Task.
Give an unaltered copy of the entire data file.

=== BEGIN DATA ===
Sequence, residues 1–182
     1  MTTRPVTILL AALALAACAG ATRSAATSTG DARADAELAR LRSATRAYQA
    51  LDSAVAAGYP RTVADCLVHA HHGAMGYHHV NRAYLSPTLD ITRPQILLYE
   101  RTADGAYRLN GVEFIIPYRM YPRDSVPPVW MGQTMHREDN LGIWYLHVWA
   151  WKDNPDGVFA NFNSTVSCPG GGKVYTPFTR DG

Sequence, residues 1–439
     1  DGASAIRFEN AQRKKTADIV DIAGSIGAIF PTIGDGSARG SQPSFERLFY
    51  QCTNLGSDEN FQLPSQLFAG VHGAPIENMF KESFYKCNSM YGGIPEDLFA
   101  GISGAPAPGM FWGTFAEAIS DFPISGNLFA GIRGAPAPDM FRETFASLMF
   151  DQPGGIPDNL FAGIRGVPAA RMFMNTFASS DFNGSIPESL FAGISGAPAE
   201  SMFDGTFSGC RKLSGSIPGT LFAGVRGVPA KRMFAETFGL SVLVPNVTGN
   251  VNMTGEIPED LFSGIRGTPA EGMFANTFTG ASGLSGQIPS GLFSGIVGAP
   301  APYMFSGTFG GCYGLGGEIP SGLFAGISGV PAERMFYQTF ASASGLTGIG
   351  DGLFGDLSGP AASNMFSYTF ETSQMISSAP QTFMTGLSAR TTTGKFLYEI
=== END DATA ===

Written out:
Sequence, residues 1–182
     1  MTTRPVTILL AALALAACAG ATRSAATSTG DARADAELAR LRSATRAYQA
    51  LDSAVAAGYP RTVADCLVHA HHGAMGYHHV NRAYLSPTLD ITRPQILLYE
   101  RTADGAYRLN GVEFIIPYRM YPRDSVPPVW MGQTMHREDN LGIWYLHVWA
   151  WKDNPDGVFA NFNSTVSCPG GGKVYTPFTR DG

Sequence, residues 1–439
     1  DGASAIRFEN AQRKKTADIV DIAGSIGAIF PTIGDGSARG SQPSFERLFY
    51  QCTNLGSDEN FQLPSQLFAG VHGAPIENMF KESFYKCNSM YGGIPEDLFA
   101  GISGAPAPGM FWGTFAEAIS DFPISGNLFA GIRGAPAPDM FRETFASLMF
   151  DQPGGIPDNL FAGIRGVPAA RMFMNTFASS DFNGSIPESL FAGISGAPAE
   201  SMFDGTFSGC RKLSGSIPGT LFAGVRGVPA KRMFAETFGL SVLVPNVTGN
   251  VNMTGEIPED LFSGIRGTPA EGMFANTFTG ASGLSGQIPS GLFSGIVGAP
   301  APYMFSGTFG GCYGLGGEIP SGLFAGISGV PAERMFYQTF ASASGLTGIG
   351  DGLFGDLSGP AASNMFSYTF ETSQMISSAP QTFMTGLSAR TTTGKFLYEI